I have been, or can be if you click on a link and make a purchase, compensated via a cash payment, gift, or something else of value for writing this post. Regardless, I only recommend products or services I use personally and believe will be good for my readers.
This post on how to Engage Your Children in Positive Behaviors with CWIST was written as part of a campaign on behalf of Mom Central Consulting for CWIST. I received a promotional item as a thank you for participating.
As much as I’d love to share that the boys are all self-motivated and act responsibly, I can’t. Unless it is something like ‘reaching the next level of my favorite video game’ or ‘scoring some yummy dessert’, the boys all lack that internal drive to accomplish something. So, a little outside motivation is in order. CWIST is an online channel I recently discovered and am excited about using with my younger boys.
Engage Your Children in Positive Behaviors with CWIST
CWIST allows parents or educators to create and assign learning challenges for the kids. These challenges, known as CWISTS, can be on the educational side (e.g. learn about the history of Christmas) or help a child to engage in positive behaviors their parent or educator wants to see (e.g. learning to chew with your mouth closed instead of open.)
At this time, CWIST is set up for kids ages 5 to 12. I did fudge and added my 4 and 13 year olds in addition to my 10 year old.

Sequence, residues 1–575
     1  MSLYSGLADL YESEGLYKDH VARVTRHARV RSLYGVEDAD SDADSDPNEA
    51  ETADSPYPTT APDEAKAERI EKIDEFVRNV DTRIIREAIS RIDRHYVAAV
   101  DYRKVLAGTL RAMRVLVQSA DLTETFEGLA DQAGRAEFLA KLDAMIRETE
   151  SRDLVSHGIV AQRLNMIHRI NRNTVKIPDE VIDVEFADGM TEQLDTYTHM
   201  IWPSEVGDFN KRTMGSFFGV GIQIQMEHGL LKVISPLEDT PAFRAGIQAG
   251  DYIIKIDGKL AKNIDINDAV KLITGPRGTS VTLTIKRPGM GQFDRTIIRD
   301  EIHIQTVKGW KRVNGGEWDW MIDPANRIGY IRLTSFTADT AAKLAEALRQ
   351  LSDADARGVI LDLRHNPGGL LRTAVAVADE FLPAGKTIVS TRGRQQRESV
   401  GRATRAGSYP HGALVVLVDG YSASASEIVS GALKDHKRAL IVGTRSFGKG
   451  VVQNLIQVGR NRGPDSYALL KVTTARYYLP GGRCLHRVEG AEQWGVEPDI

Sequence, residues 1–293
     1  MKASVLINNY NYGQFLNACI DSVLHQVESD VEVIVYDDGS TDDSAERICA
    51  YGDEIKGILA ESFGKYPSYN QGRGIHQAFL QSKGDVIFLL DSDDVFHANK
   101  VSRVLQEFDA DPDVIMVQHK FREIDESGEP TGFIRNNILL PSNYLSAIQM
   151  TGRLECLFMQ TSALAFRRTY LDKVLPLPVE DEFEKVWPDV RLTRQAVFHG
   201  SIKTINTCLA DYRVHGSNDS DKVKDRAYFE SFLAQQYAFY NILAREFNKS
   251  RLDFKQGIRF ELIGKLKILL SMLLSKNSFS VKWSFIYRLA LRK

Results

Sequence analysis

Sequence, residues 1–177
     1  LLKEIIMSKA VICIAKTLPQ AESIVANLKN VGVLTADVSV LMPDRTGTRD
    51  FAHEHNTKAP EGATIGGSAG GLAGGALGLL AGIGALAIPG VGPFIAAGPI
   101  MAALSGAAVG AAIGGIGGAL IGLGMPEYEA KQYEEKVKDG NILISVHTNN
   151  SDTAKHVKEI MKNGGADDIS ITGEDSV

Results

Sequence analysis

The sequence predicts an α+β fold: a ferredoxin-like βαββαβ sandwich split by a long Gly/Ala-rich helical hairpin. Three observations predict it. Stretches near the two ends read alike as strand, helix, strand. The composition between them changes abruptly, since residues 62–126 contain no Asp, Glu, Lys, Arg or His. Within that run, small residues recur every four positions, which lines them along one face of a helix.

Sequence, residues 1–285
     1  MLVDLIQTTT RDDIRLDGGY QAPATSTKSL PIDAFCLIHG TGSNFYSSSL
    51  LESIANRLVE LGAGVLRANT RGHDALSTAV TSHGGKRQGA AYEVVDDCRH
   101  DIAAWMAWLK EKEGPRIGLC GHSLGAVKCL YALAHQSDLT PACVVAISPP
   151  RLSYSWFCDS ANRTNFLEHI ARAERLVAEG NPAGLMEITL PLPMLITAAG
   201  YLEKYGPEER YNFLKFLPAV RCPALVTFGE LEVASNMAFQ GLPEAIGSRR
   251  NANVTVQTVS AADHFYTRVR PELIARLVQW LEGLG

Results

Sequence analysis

While there are many ready to select CWISTS shared by other users, you can also set up your own custom CWIST that can be made public. I did this for my 4 year old by creating one to bake cookies with mom which has a link to the Snickerdoodles recipe they love. His reward? Getting to enjoy the cookies with mom!
As I mentioned, my boys need that carrot dangling on the stick in front of them to get things done. CWIST allows the parent to select what that carrot will be and how many CWISTS need to be done to earn the reward. There are actual products that can be purchased by the parent through CWIST if your child needs truly tangible rewards. But, there is also the option to create custom rewards (e.g. dinner at your favorite restaurant, dessert, stay up one hour past normal bedtime, etc.)
Considering this time of year finds our family with a tight budget, I love the ability to reward the boys with something that costs little. However, I am seriously considering using CWIST as a way to track long term improvement in areas (e.g. chores) and allowing them to earn a prize from the incredible selection.
Help Others While You Engage Your Children in Positive Behaviors with CWIST
CWIST has launched their Kids CWIST For Kids program. This multi-week giving campaign gives children the opportunity to complete learning challenges to give gifts to kids in need. All the steps you need to take to get set up are on the CWIST Holiday page.
Once you’ve selected the child, you can pick who will benefit (which has indication of gender, age and what they like.) Then you select what your child needs to do for the recipient to receive their gift.
As I want the boys to remember how important it is to give back to others, the CWIST selected for the holiday promotion involves volunteering and finding other ways to help others in our local community. They haven’t finished it yet, but at the end a young boy should be receiving his desired football.
Using CWIST in our home is still pretty much brand new, but I am optimistic that it will provide some help in my parenting as I work to engage my children in positive behaviors.
What are some ways that you’ve helped your children learn to help others?
Do your children need those ‘carrots’ to get them moving in the right direction, too?